Photo story (Clockwise from top left): (1) Hitler’s art dealer, Hildebrand Gurlitt confiscated & amassed over 1500 Nazi plundered artworks and ordered to destroy them in 1945; Hildebrand actually hid them and German authorities confiscated those from his son in 2011. (2) The painting ‘Lion Tamer’ by Max Beckmann was one of the looted art that Cornelius sold (3) Munich apartment where tax officials discovered the artworks.
German tax authorities discovered around 1500 artworks in spring 2011 which were part of Nazi plunder during the 1930s. Masterpieces by Henri Mattise, Pablo Picasso, Marc Chagall and a dozen other artists were stashed in a shabby flat in Munich. The stunning discovery of the Nazi plunder was revealed to public for the first time on 3rd November 2013 by Germany’s 3rd largest weekly news magazine ‘Focus’. The magazine stated that at least 200 out of the 1500 Nazi plundered arts had been documented as lost since the Nazi days. Britain’s renowned newspaper Daily Mail’s web edition, Mail Online, reported that the customs authority made the discovery while inspecting a man, Nikolaus Cornelius Gurlitt, who was unemployed and with no clear source of income, returning to Germany on a passenger train from Switzerland and found € 9,000 in cash with him.
Cornelius Gurlitt is the son of Hildebrand Gurlitt, a collector and art dealer during the Nazi era who was personally instructed by Joseph Goebbels to gather up for the Nazis the works termed by the Nazis as ‘Degenerate Arts’. Virtually all modern arts were termed as ‘Degenerate’ by the Nazi regime and were banned for being Jewish, un-German, cubist, impressionist or Bolshevist in nature. The looted arts were believed to have been decimated by the Nazis during the WWII. The Nazis also sold some of the confiscated arts to dealers and collectors for a very low price. German Tax authorities issued a warrant to examine his € 500 per month rented apartment in Schwabing, Munich in spring 2011. They discovered the 1500 Nazi plunders, with a current estimated value of $ 1.35 billion or € 1 billion, in the dark premises behind old food tin cans.
In 1945, Hildebrand Gurlitt and his mother were captured and interrogated by U.S. forces and he said that his entire art collection had been destroyed during the Allied fire-bombing of Dresden in February 1945. During the Nazi regime Hildebrand was excluded from many of his art dealing positions because of his Jewish grandmother. After WWII, he was assessed as a victim of Nazi oppression due to his Jewish ancestry and was released. He continued art dealing until his death in a car accident in 1956. His son Cornelius secretly sold a few arts for a living.
The identification of the Nazi plundered sketches, oil paintings, charcoals, water colors and lithographs have not been publicly disclosed by the investigative authorities, who are trying to return those to their legitimate owners. The painting ‘Lion Tamer’ by Max Beckmann was one of the last arts that Cornelius had sold. It was sold for around £ 750,000 through an auction house shortly before the Nazi plunders were seized in 2011. The seized arts collection is currently kept in a protected Munich warehouse. ‘A portrait of a woman’ by Matisse is said to be among the 200 works for which international warrants are out. French TV presenter Anne Sinclair’s grandfather, Paul Rosenberg was the owner of the art when he was forced to flee to France in 1940.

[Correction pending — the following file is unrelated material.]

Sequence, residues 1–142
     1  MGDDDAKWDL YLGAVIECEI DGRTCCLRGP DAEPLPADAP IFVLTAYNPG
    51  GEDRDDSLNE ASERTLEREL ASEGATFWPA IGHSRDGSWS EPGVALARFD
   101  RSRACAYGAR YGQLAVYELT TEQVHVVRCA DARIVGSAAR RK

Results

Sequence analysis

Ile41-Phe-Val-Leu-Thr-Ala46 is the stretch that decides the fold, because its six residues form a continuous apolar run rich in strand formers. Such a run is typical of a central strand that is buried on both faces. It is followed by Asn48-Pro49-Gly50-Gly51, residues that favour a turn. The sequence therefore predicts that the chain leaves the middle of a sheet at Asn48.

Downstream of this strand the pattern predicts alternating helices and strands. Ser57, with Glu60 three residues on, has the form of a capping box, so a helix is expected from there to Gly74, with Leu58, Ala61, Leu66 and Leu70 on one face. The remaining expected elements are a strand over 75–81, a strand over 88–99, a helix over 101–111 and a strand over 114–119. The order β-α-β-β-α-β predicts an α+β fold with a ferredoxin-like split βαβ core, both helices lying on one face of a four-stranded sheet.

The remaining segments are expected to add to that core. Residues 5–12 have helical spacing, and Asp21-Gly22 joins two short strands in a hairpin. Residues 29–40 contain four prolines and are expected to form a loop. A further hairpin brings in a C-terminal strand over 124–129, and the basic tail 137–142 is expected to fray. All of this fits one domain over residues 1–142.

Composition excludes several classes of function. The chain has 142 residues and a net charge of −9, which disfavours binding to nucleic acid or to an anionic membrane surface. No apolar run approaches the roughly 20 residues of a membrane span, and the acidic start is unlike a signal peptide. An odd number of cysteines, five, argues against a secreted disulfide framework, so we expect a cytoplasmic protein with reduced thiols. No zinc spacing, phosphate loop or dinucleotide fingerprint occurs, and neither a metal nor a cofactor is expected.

Art works of Emil Nolde, Paul Klee, Franz Marc, Ernst Barlach, Oskar Kokoschka, Max Beckmann, Otto Dix, Ernst Ludwig Kirchner, Albrecht Durer, Max Liebermann, Edvard Munch and Carl Spitzweg were also discovered in the Munich flat. Hitler and Goebbels ordered confiscation of some 20,000 so called ‘degenerate’ works during the Nazi era.
Hundreds of thousands of Euros were found to have been deposited in bank accounts to Cornelius according to the savings books found by the investigators. The amount is the fruit of his sale of the Nazi plundered artworks. He faces prison for money laundering and tax evasion. But ironically, if the legitimate owners to the paintings are not found then many of the artworks could be returned to him as his father bought many of those with family money.
Video story: British art historian Godfrey Barker talks about the sensational recovery of WWII era art.
Commission for Looted Art in Europe’s spokeswoman, Anne Webber, said that 90% of the Nazi plundered art is still missing. She also said that despite efforts of hundreds of families to trace their looted property, the German authorities were rather slow to trace the origins of those. ‘The authorities did not publish the list’ she said. Webber further added that a network of dealers were laundering the Nazi plundered arts in Germany after the WWII and ‘they still come up at auction in Germany for sale’.